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Episode 112 - Footlight Parade (w/ Bryan Cogman)


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Poll: Episode 112 - Footlight Parade (w/ Bryan Cogman) (27 member(s) have cast votes)

Should "Footlight Parade" enter The Canon?

  1. Yes (13 votes [48.15%])

    Percentage of vote: 48.15%

  2. No (14 votes [51.85%])

    Percentage of vote: 51.85%

Vote Guests cannot vote

#1 Dalton Maltz

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Posted 23 July 2017 - 11:06 PM

Writer and producer Bryan Cogman returns to The Canon this week to discuss Busby Berkeley’s 1933 musical film, “Footlight Parade.” Amy and Bryan explore everything from finding humanity in the choreography to the death of the theatrical experience, noting the risks the film took as a result of being made pre-Code and its early Hollywood innovation. Plus, they take a look at some of the film’s more unsavory historical elements.

#2 Funny Username

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Posted 24 July 2017 - 11:12 AM

I had a really hard time getting into this one. It could just be me, but I felt like a lot of the dialogue felt very throwaway, as if they just put in some lines to fill time between the performances. I laughed the first couple times Cagney pitched a prologue based on something in the room without a seconds thought, but after a while it felt like the writers hadn't put any more thought into the script than Kent put into his numbers.

I will agree that the "prologues" themselves were amazing to watch, but I don't think I can give it a yes vote based solely on about a third of the running time.

#3 slinkydink

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Posted 24 July 2017 - 12:19 PM

It's tricky because I would say that the 30s musicals are important enough in the history of film that they should be represented in The Canon but I really have no comparison to recommend that FP is the one. I don't think that a comparison to Singing in the Rain is fair but I can't help but see what musicals would become and be pushed towards saying no to FP getting in.

I loved the pre-code "racier" stuff in there though. Being more familiar with "old movies" made while the Code was enforced has led me to often forget that there were over 30 years of movies being made that would potentially look very different without the Code.

#4 sycasey 2.0

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Posted 24 July 2017 - 01:00 PM

I voted yes, because I really enjoyed watching this movie, even the talky parts before the big showstopping musical numbers started. The story is simple and predictable, but moves along at a fast, breezy clip with lots of good one-liners. Cagney and Blondell are a great pairing.

Lots of complaints about Dick Powell and Ruby Keeler on the podcast, but I can't say I was bothered by either at any point in this movie. (I liked Powell's singing especially.)

The racial caricatures are obviously "problematic" in a modern sense, but I am in the camp that tends to let this stuff go in older movies unless it's really blatantly KKK racist or something that is shoved in your face for the entire running time (I don't think this movie qualifies). Blackface and yellowface were common things back then. Does that make them okay? No. Can any movie from that period be automatically disqualified from Canon status because of containing instances of such? Also no.

Anyway, I was won over based on the hosts' enthusiasm for the movie, the iconic "waterfall" number, and the argument that this is a rare chance to see Cagney being great in a musical role.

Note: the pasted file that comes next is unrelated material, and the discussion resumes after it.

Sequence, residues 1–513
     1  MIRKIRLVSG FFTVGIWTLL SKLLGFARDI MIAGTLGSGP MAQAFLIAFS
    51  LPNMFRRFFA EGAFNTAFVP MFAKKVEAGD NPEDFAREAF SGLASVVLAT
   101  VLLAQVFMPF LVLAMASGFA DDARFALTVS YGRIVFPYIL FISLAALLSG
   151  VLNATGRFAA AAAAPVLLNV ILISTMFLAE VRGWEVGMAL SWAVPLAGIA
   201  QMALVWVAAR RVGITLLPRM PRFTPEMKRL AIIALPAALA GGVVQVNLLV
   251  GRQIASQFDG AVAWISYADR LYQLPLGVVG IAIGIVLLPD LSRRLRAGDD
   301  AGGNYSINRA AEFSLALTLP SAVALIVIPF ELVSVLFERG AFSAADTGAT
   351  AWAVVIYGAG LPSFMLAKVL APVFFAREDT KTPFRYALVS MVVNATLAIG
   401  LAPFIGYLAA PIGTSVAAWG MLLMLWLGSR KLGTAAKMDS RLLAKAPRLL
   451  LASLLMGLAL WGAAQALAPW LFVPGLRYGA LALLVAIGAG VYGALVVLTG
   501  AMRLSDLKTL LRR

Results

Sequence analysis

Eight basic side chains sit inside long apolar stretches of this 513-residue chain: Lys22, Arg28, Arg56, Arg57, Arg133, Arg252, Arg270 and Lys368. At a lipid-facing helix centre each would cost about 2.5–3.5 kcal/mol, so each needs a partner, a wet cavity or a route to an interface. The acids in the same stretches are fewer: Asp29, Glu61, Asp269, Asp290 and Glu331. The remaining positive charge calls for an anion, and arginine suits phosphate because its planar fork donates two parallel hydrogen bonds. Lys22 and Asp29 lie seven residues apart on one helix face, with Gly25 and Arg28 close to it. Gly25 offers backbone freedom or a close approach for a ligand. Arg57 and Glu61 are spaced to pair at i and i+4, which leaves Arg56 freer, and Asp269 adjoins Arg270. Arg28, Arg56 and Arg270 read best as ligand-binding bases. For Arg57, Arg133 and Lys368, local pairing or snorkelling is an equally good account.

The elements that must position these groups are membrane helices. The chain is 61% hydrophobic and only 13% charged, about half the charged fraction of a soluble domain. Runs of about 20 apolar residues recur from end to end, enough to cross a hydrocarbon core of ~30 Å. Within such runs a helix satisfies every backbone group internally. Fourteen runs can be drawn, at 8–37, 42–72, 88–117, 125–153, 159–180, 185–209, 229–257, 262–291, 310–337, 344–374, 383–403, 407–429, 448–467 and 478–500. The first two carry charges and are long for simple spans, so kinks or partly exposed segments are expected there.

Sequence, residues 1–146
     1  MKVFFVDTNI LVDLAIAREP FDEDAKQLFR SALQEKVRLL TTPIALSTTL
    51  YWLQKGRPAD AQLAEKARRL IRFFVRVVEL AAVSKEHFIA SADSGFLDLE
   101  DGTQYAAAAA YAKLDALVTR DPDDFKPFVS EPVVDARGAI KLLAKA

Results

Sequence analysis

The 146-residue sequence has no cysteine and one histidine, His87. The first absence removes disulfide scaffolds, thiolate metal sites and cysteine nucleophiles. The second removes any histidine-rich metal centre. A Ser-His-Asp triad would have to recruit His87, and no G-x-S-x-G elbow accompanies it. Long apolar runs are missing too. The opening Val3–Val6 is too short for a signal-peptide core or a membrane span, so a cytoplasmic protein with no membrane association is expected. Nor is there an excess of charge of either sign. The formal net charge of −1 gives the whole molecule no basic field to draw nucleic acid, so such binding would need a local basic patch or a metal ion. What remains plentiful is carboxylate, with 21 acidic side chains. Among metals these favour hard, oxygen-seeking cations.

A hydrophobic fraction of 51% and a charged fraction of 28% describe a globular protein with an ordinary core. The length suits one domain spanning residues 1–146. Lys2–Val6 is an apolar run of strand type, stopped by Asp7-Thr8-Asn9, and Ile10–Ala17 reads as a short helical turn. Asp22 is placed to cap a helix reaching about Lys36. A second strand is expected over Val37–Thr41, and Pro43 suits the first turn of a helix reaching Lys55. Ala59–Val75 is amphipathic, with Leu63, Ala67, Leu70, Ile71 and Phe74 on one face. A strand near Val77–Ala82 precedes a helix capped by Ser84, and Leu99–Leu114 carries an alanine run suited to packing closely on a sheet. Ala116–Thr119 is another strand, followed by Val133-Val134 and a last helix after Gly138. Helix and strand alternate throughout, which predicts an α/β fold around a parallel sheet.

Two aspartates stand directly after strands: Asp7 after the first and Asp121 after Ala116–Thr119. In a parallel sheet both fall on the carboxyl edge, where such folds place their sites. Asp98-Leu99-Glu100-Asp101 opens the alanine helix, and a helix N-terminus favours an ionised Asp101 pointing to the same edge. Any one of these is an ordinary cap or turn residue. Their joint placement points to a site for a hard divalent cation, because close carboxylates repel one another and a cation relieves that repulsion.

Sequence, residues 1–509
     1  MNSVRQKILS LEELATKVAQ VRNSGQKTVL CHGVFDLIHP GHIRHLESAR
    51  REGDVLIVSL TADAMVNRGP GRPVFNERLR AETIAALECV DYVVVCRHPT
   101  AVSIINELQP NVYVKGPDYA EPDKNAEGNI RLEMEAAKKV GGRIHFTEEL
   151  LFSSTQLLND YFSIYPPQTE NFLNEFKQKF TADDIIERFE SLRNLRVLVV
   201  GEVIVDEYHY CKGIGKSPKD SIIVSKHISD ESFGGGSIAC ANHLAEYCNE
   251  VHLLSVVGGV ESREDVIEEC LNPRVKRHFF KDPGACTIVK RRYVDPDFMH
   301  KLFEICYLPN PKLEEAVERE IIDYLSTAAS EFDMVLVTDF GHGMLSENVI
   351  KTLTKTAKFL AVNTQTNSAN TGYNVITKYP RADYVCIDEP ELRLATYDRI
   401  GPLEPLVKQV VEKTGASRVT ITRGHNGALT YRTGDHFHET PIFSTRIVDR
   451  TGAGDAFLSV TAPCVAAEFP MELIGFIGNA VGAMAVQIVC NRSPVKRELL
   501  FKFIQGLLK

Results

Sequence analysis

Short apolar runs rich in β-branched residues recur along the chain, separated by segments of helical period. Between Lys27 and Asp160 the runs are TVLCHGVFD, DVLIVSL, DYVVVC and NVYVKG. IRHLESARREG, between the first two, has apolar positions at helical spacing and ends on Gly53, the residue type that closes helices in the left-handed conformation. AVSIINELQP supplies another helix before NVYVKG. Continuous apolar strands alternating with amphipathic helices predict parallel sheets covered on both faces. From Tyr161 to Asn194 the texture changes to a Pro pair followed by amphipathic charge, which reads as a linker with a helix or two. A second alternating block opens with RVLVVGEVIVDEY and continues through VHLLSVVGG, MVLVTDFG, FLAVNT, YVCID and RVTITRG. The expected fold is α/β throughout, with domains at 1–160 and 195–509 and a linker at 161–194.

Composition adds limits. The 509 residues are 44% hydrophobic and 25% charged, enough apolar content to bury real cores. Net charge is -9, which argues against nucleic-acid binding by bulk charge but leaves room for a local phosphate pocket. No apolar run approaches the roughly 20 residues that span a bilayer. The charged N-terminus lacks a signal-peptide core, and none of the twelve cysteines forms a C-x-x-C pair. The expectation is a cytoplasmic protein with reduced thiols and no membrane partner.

#5 Johnny Pomatto

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Posted 25 July 2017 - 08:57 AM

I do my best not to vote No on films just because they're not another film I like more. I love FOOTLIGHT PARADE. I really do. But for sheer Busby Berkeley joy, I generally prefer GOLD DIGGERS OF 1933 and 42ND STREET. And when wanting my James Cagney dance man fix, I will usually watch YANKEE DOODLE DANDY, even without Berkeley and as cheesy as it is, I feel like that film gives Cagney more chances to get his feet dirty. So I was all prepared to vote no on FOOTLIGHT PARADE but with the certainty of any of those films I mentioned getting Canon consideration in the future, I may just have to vote YES. I love just about any film that features a glorious Berkeley number, with the impossible sets, sudden costume changes, and masses of dancers marching and swaying in formation. But yes, like Amy and Bryan, I too am guilty of sometimes getting impatient and considering fast forwarding to the music and dancing. This was probably my 4th time seeing FOOTLIGHT PARADE and I did watch it in its entirety. There are some golden moments to be had in the first hour or so, though I don't need to subject myself to this entire movie again anytime soon. By contrast, I find myself much less antsy and fidgety during the backstage exposition in the other aforementioned Berkeley films I mentioned. So even with my uncertainty of my vote, once I got to the musical numbers there was little doubt in my mind which direction I would go. Busby Berkeley needs some representation in The Canon, even if it's not in my favorite film. The Waterfall number still makes my jaw drop all these years later and had me thumbing through my Esther Williams library as soon as the film ended. (At the very least, we have to get some real Berkeley theatrics into The Canon before a pale imitation like that found in HAIL CEASAR gets in, which is a film I enjoyed much of, as I do most Coen films, but agree, like Bryan, that the musical homages came across a bit winky and insincere, at least compared to what they were trying to emulate.) I will admit to having some qualms about FOOTLIGHT PARADE as well because of this being one of the more (most?) racist of films for Berkeley to be associated with. I'm generally able to look past that and put such things in a historical context, but I wonder what the outcome might have been if this had been a versus episode with one of his less problematic films. Still, perhaps it's important to have examples of such behavior represented in The Canon, so has to not only fill it with films that represent our ideals but also accurately cover some of the unfortunate history found in great films. I'm still mildly conflicted, but while FOOTLIGHT PARADE wouldn't have been my first choice, I do still love it, and if Amy and Bryan can look past their own critiques and quibbles with the film, then so can I. FOOTLIGHT PARADE gets a YES vote from me.